COLOMBO, June 4 (Reuters) - Sri Lankan shares ended weaker on Monday to hit their lowest close in more than five months as investors sold telecom and banking shares, while foreign buying curbed further decline.
Foreign investors bought net 318.2 million rupees ($2.01 million) worth of equities on Monday, but the market has witnessed a year-to-date net foreign outflow to 824 million rupees worth of shares.
The Colombo stock index ended 0.1 percent weaker at 6,394.93, its fifth drop in six sessions. It fell 1 percent last week.
“The market is completely dead and some block deals pushed the turnover levels,” said Dimantha Mathew, head of research, First Capital Holdings.
“Investors are adopting the wait-and-see approach for some positive news, especially on the economic front.”
Turnover was 771.8 million rupees, less than this year’s daily average of 994.2 million rupees.
A weaker rupee, political uncertainty and the recent fuel price hike also weighed on sentiment, as local investors mostly remained on the sidelines as they gauged the impact of the floods that killed 24 people in the island nation over the past two weeks, brokers said.
Shares in Dialog Axiata Plc ended 2.1 percent lower, while Ceylinco Insurance Plc closed down 4.3 percent and Hemas Holdings Plc ended 2.4 percent weaker.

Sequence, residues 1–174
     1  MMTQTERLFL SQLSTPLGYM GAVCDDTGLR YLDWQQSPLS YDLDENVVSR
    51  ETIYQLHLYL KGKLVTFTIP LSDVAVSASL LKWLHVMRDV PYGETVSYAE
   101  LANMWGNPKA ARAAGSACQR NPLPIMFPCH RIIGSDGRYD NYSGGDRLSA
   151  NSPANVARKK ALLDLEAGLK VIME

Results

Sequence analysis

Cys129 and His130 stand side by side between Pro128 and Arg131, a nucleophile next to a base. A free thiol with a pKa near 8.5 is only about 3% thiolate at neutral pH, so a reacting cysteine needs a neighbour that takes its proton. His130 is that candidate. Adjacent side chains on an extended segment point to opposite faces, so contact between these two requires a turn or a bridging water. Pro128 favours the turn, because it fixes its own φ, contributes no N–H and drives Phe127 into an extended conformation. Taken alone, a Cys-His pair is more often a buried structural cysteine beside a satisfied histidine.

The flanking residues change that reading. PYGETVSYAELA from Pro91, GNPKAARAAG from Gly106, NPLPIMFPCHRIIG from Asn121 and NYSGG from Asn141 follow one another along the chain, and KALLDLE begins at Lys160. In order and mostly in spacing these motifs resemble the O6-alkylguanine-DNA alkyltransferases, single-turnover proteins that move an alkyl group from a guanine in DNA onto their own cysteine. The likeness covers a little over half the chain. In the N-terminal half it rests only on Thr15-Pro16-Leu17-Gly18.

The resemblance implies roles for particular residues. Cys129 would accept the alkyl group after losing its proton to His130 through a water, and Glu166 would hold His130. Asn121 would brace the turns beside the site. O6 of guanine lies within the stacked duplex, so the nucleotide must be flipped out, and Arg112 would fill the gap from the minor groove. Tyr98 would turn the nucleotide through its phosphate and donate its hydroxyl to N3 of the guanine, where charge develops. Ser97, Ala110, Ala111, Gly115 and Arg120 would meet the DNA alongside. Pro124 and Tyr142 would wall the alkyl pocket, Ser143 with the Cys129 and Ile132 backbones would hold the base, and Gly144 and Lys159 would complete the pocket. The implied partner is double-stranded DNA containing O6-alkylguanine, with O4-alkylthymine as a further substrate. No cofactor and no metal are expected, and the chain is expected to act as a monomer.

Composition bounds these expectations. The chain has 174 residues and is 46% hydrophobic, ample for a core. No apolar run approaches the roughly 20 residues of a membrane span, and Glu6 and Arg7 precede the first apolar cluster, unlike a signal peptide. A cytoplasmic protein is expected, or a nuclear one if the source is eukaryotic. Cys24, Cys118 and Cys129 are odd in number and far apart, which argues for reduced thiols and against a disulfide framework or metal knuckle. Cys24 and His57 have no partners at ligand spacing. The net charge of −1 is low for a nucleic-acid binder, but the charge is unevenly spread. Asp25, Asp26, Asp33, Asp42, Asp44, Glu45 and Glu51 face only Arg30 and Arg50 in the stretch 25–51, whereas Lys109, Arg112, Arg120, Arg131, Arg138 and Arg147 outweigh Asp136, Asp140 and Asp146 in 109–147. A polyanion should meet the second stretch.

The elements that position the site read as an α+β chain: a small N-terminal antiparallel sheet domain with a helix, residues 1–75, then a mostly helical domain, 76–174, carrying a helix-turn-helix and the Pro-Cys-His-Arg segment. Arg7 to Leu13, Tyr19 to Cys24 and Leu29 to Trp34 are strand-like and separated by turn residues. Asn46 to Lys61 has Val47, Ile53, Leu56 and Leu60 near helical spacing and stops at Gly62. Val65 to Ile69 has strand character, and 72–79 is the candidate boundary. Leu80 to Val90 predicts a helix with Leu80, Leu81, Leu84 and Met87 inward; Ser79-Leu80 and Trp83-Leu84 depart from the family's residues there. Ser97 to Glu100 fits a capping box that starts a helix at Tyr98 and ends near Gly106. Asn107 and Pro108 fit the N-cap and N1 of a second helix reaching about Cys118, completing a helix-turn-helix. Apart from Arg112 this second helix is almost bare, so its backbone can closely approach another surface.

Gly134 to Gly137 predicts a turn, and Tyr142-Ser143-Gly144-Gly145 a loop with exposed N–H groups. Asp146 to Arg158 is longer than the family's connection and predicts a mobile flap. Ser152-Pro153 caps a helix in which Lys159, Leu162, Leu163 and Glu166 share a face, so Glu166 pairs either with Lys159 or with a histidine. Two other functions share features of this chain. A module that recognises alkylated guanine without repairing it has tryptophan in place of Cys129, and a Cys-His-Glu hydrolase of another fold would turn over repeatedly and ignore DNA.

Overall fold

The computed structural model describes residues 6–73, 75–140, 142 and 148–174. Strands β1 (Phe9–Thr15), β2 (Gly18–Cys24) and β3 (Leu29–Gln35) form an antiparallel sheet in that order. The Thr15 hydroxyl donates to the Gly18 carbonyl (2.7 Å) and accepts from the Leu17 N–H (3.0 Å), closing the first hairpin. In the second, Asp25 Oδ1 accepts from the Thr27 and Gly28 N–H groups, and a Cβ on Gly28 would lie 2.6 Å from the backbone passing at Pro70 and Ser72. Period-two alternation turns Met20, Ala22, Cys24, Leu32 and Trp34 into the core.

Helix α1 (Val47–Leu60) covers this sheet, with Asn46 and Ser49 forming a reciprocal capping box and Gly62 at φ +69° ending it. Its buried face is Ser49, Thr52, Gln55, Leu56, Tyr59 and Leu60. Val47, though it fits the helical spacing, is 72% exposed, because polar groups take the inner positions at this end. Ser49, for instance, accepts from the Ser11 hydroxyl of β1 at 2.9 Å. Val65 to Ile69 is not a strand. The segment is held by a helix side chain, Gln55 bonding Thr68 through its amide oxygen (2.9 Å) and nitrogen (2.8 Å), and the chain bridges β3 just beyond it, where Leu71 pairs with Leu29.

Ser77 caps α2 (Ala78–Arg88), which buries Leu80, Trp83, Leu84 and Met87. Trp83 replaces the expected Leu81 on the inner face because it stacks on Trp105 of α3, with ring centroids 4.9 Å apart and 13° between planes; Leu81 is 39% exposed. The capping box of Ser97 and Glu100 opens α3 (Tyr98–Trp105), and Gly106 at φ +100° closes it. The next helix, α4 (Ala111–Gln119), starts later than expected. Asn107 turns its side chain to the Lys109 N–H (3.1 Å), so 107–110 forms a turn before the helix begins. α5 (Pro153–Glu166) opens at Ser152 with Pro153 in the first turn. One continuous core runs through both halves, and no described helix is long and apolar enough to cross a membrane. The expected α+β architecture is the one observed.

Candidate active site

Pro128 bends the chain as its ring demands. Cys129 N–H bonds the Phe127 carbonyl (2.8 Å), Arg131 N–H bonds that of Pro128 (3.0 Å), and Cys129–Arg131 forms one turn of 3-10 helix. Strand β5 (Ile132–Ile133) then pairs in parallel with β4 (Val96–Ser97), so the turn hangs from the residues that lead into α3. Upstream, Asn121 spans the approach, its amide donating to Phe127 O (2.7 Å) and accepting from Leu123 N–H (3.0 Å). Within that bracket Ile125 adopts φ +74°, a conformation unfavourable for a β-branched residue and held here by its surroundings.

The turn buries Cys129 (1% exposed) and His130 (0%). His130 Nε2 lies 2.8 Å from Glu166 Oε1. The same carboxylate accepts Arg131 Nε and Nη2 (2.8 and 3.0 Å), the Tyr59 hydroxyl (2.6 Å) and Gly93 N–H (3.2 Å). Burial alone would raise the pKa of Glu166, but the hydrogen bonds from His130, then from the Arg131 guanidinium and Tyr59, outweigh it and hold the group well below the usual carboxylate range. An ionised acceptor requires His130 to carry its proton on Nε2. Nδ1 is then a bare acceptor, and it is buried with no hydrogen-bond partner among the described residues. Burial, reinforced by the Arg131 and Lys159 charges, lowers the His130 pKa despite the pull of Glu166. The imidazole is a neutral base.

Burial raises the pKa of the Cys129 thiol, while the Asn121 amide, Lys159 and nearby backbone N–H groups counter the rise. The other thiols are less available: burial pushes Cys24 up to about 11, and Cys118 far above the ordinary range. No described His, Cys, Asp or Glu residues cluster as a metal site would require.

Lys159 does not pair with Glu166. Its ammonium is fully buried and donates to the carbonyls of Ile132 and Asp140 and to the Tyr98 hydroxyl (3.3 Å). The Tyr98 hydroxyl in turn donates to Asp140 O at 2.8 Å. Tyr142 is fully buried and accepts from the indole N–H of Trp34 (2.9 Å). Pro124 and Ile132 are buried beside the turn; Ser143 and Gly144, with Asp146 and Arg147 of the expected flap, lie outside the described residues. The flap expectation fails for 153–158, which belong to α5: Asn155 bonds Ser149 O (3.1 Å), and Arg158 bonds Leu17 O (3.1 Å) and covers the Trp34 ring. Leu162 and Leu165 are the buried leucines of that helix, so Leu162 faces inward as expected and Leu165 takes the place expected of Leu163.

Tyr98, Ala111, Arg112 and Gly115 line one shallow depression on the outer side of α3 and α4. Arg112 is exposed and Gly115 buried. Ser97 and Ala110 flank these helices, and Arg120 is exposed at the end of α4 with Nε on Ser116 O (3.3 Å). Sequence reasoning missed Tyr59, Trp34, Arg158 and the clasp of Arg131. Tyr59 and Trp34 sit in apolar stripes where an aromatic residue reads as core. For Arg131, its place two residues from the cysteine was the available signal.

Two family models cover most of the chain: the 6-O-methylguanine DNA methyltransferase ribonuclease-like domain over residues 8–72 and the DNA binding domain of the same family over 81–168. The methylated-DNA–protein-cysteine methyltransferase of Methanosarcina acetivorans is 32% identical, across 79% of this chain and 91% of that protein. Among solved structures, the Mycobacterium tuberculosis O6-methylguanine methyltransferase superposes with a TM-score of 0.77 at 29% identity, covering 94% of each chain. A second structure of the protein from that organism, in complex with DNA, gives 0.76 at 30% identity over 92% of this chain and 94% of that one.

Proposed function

Foreign investors, who mostly sold shares of John Keells last week, bought the market heavyweight after the lower prices made it more attractive, stockbrokers said. Shares of John Keells ended steady on Monday.
Reports that MSCI Frontier Markets 100 Index, which captures large- and mid-cap representation across 29 frontier markets, will remove Keells from its index triggered foreign selling.
The rupee hit a fresh low of 158.80 per dollar on Friday owing to dollar demand from foreign banks and importers, but ended steady on late inflows from remittances.
Analysts said market sentiment was dented by concerns over political instability following President Maithripala Sirisena’s decision to suspend parliament last month after 16 legislators from his ruling coalition defected.
Last month, Sirisena urged his own coalition government and the opposition to end a power struggle to achieve ambitious goals including anti-corruption measures.
$1 = 158.4000 Sri Lankan rupees Reporting by Ranga Sirilal and Shihar Aneez, Editing by Sherry Jacob-Phillips